Victoria Shorr on the Art of the Novella
”They take you—for one evening if you don't put it down, longer if you draw it out—to a place that you can see in sharp detail.”
Penelope Fitzgerald wrote novellas. So did Caroline Blackwood, J.L. Carr, Edith Wharton, and so do I. I never mean to. I don’t start out thinking “novella”—it’s not like writing a short story. Because that’s an entirely different approach.
When you decide to write a short story, you go in armed and ready for battle with time and space. You’ve got 13 pages, and you already know your beginning and your end. Your job is to get from the one to the other, meanwhile lopping the heads off the thousand flowers that beckon you away from your clear, concise outline. The muse has come early, but has struck a hard bargain. Inspiration, but you can’t step off the path.
This was perfect for me when I was younger, with three small time-consuming children, but the strong desire to write about Brazil, where I was living then. The short story came to my rescue. I realized that through a series of short stories, written in the hours I could steal at my desk, I could convey some essence of the whole—a picture, in my case, of ex-patriate Brazil in the 80s, told in 13-page increments. Hard work, by the way, but not unsuited to a woman with nothing close to a room of her own.
But then, as the years rolled on, I found myself with more time and space, able now to set my sights on tales that could flow along at a more leisurely pace. The children were away at school. The 1,000-page doorstop could now be mine.
But it hasn’t been, and probably won’t be, because even though it’s been a while since I was up against the thirteen pages, still I rarely find I have much to say that goes beyond the length of the novella.
Partly it’s the internet. We’ve learned to speak more directly to each other, without all the curlicues and asides and explications our forefathers found de rigeur, and that only tend to exasperate, these days—have you tried to re-read Dickens?
But I also suspect something else at play in my case, something to do with being a woman, though older—with grandchildren now, but still the laundry piling up, and an aged mother. Voting rights to support, and a girls’ school on the Pine Ridge Reservation—in other words, a life on the other side of my own pages. This must have, over the years, led to an economy of form, since in my own case, the result of my sitting down to write doesn’t usually go much beyond novella length.They take you—for one evening if you don’t put it down, longer if you draw it out—to a place that you can see in sharp detail, and feel and know, right then, in that intense moment.
In my defense—and in defense of the novella—the funny thing is that I never feel that I have left anything out. I have found that when I type o fim, “the end,” and look up from my work, I feel that I have satisfactorily, if not exhaustively, chronicled whatever it is that has captivated me in the first place, despite there being no more than, say, seventy pages. Maybe a hundred, once I double space it. Put it into Didot, the typeface that Mary Shelley used. Short works, true, but all I have to say on the subject. I press “Save” and walk away, feeling, I suspect, quite as fulfilled as Tolstoy on page 1231 of War and Peace.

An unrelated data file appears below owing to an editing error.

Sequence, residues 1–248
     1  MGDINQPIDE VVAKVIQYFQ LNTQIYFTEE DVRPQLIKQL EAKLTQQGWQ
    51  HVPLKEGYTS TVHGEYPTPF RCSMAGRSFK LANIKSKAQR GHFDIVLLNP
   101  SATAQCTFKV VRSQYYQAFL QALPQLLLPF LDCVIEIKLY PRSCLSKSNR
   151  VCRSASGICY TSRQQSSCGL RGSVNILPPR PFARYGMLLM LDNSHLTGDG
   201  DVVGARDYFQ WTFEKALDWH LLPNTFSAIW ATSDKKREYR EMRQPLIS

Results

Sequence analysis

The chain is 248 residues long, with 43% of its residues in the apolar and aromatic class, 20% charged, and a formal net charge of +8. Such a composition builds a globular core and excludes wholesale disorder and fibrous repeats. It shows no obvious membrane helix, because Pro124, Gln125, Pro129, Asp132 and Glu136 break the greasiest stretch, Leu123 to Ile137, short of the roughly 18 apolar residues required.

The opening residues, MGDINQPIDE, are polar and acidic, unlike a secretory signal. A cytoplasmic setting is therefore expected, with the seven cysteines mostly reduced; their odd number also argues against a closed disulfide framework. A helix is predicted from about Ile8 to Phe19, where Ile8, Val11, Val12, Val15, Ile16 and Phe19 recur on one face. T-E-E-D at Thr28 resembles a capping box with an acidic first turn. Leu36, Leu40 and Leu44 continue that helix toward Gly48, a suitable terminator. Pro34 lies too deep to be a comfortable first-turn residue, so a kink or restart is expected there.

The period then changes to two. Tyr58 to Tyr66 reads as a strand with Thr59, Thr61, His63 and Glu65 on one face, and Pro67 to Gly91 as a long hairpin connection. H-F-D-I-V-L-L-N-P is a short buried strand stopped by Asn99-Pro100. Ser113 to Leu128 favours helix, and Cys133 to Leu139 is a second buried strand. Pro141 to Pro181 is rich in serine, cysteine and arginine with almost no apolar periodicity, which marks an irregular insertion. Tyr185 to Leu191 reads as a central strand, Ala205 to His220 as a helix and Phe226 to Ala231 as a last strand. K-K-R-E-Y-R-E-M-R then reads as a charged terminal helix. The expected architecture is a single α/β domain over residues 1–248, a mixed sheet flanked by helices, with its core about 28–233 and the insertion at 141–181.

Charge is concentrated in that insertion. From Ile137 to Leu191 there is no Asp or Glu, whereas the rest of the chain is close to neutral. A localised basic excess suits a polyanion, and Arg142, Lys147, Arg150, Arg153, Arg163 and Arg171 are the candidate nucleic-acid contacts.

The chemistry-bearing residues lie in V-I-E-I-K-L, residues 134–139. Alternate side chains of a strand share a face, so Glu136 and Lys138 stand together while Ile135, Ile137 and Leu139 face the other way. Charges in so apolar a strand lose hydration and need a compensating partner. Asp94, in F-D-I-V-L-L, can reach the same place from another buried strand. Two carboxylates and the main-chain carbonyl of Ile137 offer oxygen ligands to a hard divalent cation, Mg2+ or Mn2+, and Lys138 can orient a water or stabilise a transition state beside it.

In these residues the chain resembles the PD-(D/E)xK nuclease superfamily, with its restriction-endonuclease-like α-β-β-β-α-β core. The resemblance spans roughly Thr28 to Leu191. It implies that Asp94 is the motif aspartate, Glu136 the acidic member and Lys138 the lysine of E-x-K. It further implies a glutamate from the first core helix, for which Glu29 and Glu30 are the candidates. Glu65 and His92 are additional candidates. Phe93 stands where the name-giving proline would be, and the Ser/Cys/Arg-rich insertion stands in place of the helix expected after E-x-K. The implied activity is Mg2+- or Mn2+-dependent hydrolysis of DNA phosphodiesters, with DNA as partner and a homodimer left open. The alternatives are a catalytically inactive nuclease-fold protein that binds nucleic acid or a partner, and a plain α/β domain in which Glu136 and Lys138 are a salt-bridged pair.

Which actually brings us to the elephant in this particular room: What can you get from a novella of ninety-two pages as opposed to, say, War and Peace? Well, for one thing, if the writer has done her job, you get an intensity that would have been diluted had it been dragged out over several hundred pages. You are sitting with someone who feels like you do about your time—it’s valuable. So is hers. She has a grocery list sitting beside her story outline, and has learned, by necessity, how to essentialize.
There will not, in her novella, be the kind of 300-page side stories where the author’s dearly beloved, bearish alter ego marries the beautiful young girl. Nor can there be much in the way of extraneous events happening offscreen. There will be a young man, injured in World War I, going to a village to fix a damaged church and almost finding love [Carr’s A Month in the Country]. There will be a really brilliant snapshot of a woman and her children living a sketchy life on a precarious barge on the Thames [Offshore by Penelope Fitzgerald]. There will be a portrait of a declining genteel WASP family in the New York of the 70s, as they come together at a dinner one summer night [my own Great Uncle Edward].
War and Peace these novellas are not. They don’t offer the broad view, nor do they function through revealing the panoply of an age. Instead, they home in and bring you up close to their subject, right away. They take you—for one evening if you don’t put it down, longer if you draw it out—to a place that you can see in sharp detail, and feel and know, right then, in that intense moment.
They are mindful, like a Thich Nhat Hanh meditation. They want to be, have to be.
Since the writer mostly doesn’t have any more time than you do. Unlike Tolstoy, she has dinner to cook.
Victoria Shorr’s Mid-Air is available now via W. W. Norton & Company.